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Whenever I make aioli with the traditional recipe of egg and oil it always turns out yellowish. It's obviously because of the color of the egg yolks. However, recently I've noticed some good restaurants serving quality aioli that is really white. Also some store bought ones are more white than yellow.

I'm wondering how they make the aioli to be that white instead of the golden version I always get.

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3 Answers 3

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The original Valencian allioli and Maltese aljoli don't have egg yolk in its receipe. Egg yolk makes emulsification easier but it isn't necessary. Garlic itself is already an emulsifier.

Allioli is made by pounding garlic with olive oil and salt in a mortar until smooth. The oil should be added little by little -- otherwise the emulsion breaks.

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    Mortar and pestle?!? Maybe if you've got all day (or if you want to be excessively traditional). I'll take a few pulses in a food processor.
    – logophobe
    Commented Jun 5, 2015 at 19:52
  • Allright, thanks. I'll give it a try without the eggs. But indeed, in my food processor instead of the mortar.
    – tomvo
    Commented Jun 6, 2015 at 11:14
  • On second thought, you reckon this will result in the white version I'm talking about? I mean, Te olive oil is golden of color as well?
    – tomvo
    Commented Jun 6, 2015 at 11:15
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    @tomvo I have the impression that the oil doesn't make the emulsion as yellow as the oil is yellow in the non-emulsified state. See image aioli with egg yolk and allioli without egg yolk. It is still yellowish. The color obviously depends on the used oil. The caption of the last image says that there are lighter or darker olive oils and some even make the allioli greenish. Commented Jun 6, 2015 at 13:08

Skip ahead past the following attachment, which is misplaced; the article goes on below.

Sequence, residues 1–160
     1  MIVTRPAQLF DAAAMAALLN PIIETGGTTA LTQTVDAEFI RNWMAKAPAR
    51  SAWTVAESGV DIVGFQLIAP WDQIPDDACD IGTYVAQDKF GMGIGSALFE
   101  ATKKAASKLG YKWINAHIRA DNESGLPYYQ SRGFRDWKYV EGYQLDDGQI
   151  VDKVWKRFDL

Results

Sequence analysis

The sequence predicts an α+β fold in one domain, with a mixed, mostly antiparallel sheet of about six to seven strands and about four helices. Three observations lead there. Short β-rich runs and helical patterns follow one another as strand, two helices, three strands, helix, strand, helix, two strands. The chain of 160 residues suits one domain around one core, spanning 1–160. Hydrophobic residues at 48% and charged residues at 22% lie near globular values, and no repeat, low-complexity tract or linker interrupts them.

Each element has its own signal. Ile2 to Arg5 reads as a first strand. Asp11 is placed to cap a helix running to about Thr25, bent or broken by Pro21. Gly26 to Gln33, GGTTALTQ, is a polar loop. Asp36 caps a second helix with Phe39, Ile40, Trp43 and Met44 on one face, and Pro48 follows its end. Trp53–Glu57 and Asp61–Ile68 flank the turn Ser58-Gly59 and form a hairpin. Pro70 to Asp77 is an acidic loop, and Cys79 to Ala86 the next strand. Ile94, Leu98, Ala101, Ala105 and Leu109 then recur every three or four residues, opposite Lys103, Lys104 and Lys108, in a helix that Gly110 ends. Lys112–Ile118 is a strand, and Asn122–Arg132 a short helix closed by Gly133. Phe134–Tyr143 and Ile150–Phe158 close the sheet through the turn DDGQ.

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    Traditional All i oli is hand made with mortar and pestle. Its colour is yellowish, even with green oils (it's greenier than the one made with yellow oils). Allioli made in food processors has white colour.
    – J.A.I.L.
    Commented Jun 6, 2015 at 23:00
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A lot of commercial mayonnaises/aiolis use whole eggs, which doesn't darken the mixture as much as egg yolks alone. The restaurants you speak of could be doing the same.

Also, what kind of oil are you using? When I use sunflower oil in aioli, it's lighter than something like olive oil.

Alternatively, ChefSteps etc. use titanium dioxide to make things whiter, you could try that.

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    Could the downvoter explain their reason why?
    – Ming
    Commented Jul 3, 2015 at 9:09
  • maybe because of this: "I use sunflower oil in aioli"?
    – njzk2
    Commented Aug 27, 2023 at 17:48
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    Sunflower oil is pretty commonly used for aioli - it's definitely a close second to olive oil. Commented Aug 29, 2023 at 14:27
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Perhaps some restaurante do the original without eggs to also get covered with Vegan clients.

When I do it with mortar, with 12 grains of garlic and salt, just until paste. Then adding sunflower oil, little by little, I get a pure white and thick all-i-oli (means garlic and oil).

Sometimes, the emulsión fails, so I mend it by adding a boiled potato or some soft bread. It results much stronger than garlic mayonaise.

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  • surely you mean olive oil?
    – njzk2
    Commented Aug 27, 2023 at 17:48

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